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Canada wildfires 2024: Tips for preparing for record-breaking heat

Canada has experienced its most devastating wildfire season to date, with over 6,500 flames scorching over 19 million hectares. The warm, dry weather that culminated what is predicted to be the planet's hottest year on record is still going strong, with projections indicating that 2024 may be considerably hotter. Experts in public policy and wildfire management are advocating for increased efforts in preventing wildfires immediately. Environment and Climate Change Canada (ECCC) predicts temperatures will be above average throughout at least through October and by over 70% from April to June.

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Canada wildfires 2024: Official 2023 temperature data from NASA and the National Oceanic and Atmospheric Administration (NOAA) will be released on January 12. However, based on all available data, 2023 was the hottest year on record worldwide.

According to NOAA’s Tom Di Liberto, a climate scientist and public affairs specialist, when El Niño occurrences occur in two consecutive years, the second year usually ends up being hotter, suggesting a high likelihood of temperature increases in 2024. 2016 is a recent example; it was the warmest year on record after El Niño.

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“When you have back-to-back years of such extreme temperatures, it’s kind of allowing the possibility to be a bit more severe,” said Di Liberto. Normally, wildfire season doesn’t begin in the first week of January. However, as 2024 got underway, over a hundred “zombie fires”—leftovers from the previous summer that usually fall dormant over the winter—were still burning in British Columbia.

That truly is mind-boggling. Simply unbelievable,” stated Lori Daniels, a professor in the forest and conservation sciences department at the University of British Columbia.

With over 6,500 flames scorching over 19 million hectares, this has been the worst Canada wildfires to date. The warm, dry weather that culminated what is predicted to be the planet’s hottest year on record is still going strong.

As the worldwide El Niño weather pattern persists throughout spring, projections indicate that 2024 may be considerably hotter, leading experts in public policy and wildfire management to advocate for increased efforts in preventing wildfires immediately.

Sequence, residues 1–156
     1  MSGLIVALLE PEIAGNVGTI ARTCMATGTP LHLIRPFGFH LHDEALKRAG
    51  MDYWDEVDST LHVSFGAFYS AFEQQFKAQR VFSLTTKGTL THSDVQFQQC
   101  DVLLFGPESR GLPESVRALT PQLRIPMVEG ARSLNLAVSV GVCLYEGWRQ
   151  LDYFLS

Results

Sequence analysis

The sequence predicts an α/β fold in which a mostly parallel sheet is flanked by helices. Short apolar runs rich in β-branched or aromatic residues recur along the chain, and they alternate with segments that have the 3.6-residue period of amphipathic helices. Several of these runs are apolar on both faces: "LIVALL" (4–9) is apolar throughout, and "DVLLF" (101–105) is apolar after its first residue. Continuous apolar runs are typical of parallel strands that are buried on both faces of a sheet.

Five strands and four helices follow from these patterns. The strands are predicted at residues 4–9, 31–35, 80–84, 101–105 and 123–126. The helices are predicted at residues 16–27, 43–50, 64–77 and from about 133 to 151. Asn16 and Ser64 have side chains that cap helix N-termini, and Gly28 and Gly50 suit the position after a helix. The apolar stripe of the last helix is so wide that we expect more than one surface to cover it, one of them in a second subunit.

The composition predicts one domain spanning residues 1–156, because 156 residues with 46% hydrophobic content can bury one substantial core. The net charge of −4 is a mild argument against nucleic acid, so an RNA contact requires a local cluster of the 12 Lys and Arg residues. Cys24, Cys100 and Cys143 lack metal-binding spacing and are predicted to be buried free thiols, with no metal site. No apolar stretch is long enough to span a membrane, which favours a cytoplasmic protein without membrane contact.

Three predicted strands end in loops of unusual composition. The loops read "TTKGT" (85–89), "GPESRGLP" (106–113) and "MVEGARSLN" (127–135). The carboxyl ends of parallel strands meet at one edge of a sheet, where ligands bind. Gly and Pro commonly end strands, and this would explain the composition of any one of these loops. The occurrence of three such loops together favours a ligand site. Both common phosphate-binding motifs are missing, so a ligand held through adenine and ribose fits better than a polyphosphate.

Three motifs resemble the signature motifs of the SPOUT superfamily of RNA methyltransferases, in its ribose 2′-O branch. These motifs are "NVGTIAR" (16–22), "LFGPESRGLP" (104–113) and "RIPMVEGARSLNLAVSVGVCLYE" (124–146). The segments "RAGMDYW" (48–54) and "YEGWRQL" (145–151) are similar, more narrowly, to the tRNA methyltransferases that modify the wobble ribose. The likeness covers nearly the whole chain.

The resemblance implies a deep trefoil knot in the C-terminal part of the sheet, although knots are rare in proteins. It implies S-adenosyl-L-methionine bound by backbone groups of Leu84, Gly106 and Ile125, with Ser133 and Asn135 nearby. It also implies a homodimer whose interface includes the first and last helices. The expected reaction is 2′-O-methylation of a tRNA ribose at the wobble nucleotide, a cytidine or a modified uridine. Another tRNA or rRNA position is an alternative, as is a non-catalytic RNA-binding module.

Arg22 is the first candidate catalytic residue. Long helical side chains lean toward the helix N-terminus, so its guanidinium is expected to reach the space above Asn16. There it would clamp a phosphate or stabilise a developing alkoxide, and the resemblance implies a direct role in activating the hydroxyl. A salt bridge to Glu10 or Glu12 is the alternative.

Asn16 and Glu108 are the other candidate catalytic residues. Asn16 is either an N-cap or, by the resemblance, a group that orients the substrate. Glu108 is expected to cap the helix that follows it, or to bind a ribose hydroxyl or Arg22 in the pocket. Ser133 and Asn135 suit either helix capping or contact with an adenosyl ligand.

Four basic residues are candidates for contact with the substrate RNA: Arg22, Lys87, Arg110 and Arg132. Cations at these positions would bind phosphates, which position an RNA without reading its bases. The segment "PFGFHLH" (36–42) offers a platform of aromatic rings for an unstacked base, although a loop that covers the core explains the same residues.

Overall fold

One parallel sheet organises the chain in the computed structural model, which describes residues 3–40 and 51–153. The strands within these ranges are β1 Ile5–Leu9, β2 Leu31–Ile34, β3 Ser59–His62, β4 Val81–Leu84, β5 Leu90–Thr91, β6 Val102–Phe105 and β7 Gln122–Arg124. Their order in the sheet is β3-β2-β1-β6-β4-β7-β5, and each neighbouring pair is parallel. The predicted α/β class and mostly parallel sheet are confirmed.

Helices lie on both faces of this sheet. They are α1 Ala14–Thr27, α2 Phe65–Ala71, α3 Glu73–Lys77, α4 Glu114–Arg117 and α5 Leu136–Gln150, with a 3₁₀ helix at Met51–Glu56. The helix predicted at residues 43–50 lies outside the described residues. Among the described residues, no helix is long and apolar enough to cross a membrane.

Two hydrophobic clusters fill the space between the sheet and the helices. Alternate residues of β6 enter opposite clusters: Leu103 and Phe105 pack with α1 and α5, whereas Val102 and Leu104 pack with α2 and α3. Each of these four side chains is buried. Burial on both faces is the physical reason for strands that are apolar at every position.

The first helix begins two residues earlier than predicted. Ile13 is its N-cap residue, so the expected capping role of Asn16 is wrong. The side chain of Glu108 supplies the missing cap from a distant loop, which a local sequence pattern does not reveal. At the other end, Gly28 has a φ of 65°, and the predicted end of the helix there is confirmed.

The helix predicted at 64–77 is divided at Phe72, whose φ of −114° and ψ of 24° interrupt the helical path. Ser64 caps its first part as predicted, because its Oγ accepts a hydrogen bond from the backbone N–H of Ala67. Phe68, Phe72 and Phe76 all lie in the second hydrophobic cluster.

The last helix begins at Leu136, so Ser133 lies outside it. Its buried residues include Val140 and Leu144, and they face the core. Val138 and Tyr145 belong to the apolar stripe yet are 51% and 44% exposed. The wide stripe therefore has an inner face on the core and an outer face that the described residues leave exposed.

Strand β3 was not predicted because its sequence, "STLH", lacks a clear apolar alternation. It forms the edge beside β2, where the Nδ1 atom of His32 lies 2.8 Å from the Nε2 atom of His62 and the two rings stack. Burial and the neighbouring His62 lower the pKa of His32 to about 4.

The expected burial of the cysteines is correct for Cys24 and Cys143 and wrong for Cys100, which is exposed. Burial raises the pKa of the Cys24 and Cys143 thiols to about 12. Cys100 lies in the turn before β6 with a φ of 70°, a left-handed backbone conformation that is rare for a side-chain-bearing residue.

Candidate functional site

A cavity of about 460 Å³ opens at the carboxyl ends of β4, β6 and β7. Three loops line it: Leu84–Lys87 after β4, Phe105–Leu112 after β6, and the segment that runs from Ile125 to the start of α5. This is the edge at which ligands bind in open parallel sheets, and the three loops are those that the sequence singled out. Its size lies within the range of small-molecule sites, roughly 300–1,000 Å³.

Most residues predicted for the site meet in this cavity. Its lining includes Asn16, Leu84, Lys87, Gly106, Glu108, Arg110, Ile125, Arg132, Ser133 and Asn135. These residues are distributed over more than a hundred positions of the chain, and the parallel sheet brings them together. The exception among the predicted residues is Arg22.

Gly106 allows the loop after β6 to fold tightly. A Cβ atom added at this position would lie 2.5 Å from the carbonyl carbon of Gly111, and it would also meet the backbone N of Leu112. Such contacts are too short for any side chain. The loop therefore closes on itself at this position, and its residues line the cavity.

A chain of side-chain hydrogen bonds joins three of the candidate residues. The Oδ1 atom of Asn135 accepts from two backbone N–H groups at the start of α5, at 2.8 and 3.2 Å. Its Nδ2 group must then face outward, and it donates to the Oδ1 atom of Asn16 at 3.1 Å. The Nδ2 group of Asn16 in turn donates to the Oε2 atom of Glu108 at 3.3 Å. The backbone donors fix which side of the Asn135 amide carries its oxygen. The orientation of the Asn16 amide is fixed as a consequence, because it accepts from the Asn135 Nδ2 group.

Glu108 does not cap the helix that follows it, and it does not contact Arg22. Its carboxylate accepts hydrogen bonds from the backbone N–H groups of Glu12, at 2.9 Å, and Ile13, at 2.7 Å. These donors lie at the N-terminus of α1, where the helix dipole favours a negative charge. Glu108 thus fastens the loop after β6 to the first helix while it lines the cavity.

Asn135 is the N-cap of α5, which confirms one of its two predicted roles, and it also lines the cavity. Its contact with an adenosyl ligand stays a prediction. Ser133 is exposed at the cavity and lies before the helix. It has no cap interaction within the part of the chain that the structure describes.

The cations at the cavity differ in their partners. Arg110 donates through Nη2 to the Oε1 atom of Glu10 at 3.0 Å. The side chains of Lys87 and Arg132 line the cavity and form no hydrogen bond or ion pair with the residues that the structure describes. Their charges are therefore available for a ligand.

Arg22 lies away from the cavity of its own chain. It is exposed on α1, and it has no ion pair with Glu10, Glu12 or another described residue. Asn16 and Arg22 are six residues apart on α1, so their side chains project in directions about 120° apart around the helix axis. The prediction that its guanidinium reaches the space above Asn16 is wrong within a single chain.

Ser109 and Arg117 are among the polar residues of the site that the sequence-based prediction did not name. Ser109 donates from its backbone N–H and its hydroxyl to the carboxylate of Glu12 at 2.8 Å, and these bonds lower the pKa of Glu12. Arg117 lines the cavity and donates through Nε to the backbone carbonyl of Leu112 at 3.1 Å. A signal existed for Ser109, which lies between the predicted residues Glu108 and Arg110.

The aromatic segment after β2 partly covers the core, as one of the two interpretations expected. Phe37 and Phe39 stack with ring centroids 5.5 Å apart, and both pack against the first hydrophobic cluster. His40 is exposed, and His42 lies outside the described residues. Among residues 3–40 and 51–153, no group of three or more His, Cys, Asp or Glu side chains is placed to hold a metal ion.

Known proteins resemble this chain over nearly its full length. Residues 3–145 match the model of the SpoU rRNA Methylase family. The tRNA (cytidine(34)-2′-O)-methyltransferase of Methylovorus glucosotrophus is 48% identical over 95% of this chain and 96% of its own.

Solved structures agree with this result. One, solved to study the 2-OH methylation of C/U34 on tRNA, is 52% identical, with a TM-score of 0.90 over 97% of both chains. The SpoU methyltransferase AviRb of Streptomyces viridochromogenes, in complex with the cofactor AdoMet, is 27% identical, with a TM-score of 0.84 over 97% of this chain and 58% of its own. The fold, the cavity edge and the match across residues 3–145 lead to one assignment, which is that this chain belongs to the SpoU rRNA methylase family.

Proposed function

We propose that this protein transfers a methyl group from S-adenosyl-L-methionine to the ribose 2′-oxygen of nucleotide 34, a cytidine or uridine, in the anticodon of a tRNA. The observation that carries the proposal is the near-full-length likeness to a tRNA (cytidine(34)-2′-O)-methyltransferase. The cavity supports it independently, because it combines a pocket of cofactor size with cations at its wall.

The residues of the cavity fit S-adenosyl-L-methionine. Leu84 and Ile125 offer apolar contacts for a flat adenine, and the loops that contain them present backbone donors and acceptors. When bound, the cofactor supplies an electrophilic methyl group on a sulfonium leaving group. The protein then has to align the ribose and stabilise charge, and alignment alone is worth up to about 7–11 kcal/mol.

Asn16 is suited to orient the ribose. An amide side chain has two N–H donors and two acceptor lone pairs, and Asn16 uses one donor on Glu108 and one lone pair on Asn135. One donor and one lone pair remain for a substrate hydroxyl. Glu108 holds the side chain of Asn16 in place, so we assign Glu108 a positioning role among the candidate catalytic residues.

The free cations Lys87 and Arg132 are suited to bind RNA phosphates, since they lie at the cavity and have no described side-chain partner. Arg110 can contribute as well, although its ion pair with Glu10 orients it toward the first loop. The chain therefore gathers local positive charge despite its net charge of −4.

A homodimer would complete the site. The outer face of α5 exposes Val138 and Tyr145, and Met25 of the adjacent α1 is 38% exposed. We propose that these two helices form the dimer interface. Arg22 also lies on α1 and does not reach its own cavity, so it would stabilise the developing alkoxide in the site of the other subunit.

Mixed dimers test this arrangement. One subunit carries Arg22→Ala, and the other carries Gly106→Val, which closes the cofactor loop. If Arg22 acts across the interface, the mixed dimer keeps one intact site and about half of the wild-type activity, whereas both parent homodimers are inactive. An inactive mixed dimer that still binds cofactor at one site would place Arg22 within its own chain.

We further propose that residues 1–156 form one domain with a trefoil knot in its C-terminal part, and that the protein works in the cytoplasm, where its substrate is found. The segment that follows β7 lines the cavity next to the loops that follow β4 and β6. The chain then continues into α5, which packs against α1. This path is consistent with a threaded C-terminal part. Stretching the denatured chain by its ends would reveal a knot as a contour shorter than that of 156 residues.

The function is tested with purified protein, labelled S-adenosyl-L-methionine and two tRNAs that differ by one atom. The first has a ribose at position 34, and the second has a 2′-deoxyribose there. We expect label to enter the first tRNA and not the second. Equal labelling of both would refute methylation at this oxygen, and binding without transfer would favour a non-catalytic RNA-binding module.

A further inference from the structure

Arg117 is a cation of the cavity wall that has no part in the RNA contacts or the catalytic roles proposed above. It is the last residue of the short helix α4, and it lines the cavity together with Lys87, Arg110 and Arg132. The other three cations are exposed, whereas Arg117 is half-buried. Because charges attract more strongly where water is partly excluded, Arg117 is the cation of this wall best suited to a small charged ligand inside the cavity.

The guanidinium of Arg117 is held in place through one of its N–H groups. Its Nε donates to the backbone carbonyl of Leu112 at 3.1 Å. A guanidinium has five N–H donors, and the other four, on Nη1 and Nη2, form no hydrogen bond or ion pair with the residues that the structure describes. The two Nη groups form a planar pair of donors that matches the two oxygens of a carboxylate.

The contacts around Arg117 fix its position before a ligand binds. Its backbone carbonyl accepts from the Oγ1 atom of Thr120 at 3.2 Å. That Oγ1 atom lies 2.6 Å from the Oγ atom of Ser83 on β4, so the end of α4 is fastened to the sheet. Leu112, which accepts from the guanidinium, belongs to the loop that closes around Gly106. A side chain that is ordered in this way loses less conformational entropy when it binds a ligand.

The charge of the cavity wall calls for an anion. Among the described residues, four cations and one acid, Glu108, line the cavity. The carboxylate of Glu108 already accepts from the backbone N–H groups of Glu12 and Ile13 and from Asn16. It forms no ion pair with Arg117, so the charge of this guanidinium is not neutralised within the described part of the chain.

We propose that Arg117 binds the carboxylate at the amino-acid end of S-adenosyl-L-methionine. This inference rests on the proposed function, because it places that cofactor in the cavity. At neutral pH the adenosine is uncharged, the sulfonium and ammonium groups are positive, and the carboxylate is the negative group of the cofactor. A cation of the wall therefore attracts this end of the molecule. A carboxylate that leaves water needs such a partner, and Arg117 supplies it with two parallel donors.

Professor John Robinson of the Munk School of Global Affairs and Public Policy and the School of the Environment at the University of Toronto stated, “The whole concept of business as usual is out the window,” adding that governments, non-governmental organizations, and social support organizations need to become more adaptable.

“Unfortunately, response to disaster isn’t a time where you get a lot of creative policy,” he stated. “We need proactive or pre-emptive response.”

Why there is already a concern about Canada wildfires 2024

According to Environment and Climate Change Canada (ECCC), temperatures will be above average throughout at least through October and by over 70% from April to June.

“There’s really no indication of below normal or, until we get maybe to the late fall, even near normal,” stated research scientist Bill Merryfield of the Canadian Centre for Climate Modeling and Analysis of the ECCC.

Additionally, the ECCC predicts below-average snowpack in all provinces through the spring, which will result in drier summertime weather. According to Merryfield, the amount of snowfall in December was less than 25% of the typical amount in most of southern Canada.

People in disaster-prone areas are developing a “fear of summer and what it will bring,” according to Kevin Hanna, head of the University of British Columbia’s Centre for Environmental Assessment Research and a veteran wildfire fighter. This is because of the region’s increasingly harsh heat and drought conditions.

Will something happen to my farm or ranch this summer? Is my community need to evacuate this summer? People have it expressed in their voices and on their faces,” stated Hanna. “I know ranchers who have lost property— terrible flood damage, terrible wildfire damage.”

EXPLAINER-How climate change drives heatwaves and wildfires

Safeguarding the infrastructure

According to Daniels, it’s time for governments to spend more money on initiatives that assist citizens in making their homes more fire resistant and to make sure that any new construction in regions that are prone to fire adheres to FireSmart guidelines, such as those established by Natural Resources Canada.

According to her, Canadians living in high-risk locations for fires can apply these concepts on their own by clearing out their yards, ensuring that there is no combustible material in their gutters or beneath their decks, and rearranging their gardens to place rocks nearer buildings and flammable plants farther away.

Communities across Canada, she said, should begin preparing for emergencies well in advance of spring and acknowledge that it’s not a question of “if,” but “when” Canada wildfires may strike.

Hanna suggested that wildfire vulnerability assessments and considerations become “part of everything we do in the permitting and review process” for major infrastructure projects like pipelines, power lines, highways, and railways. Hanna said that Canada needs to have a larger conversation about prevention and managing risk by reducing the vulnerability of infrastructure.

They suggests that we could have to reconsider some common summer activities that Canadians take for granted, such restricting access to particular areas of the backcountry. This is likely to be a controversial notion coming into a dry and drought-prone year.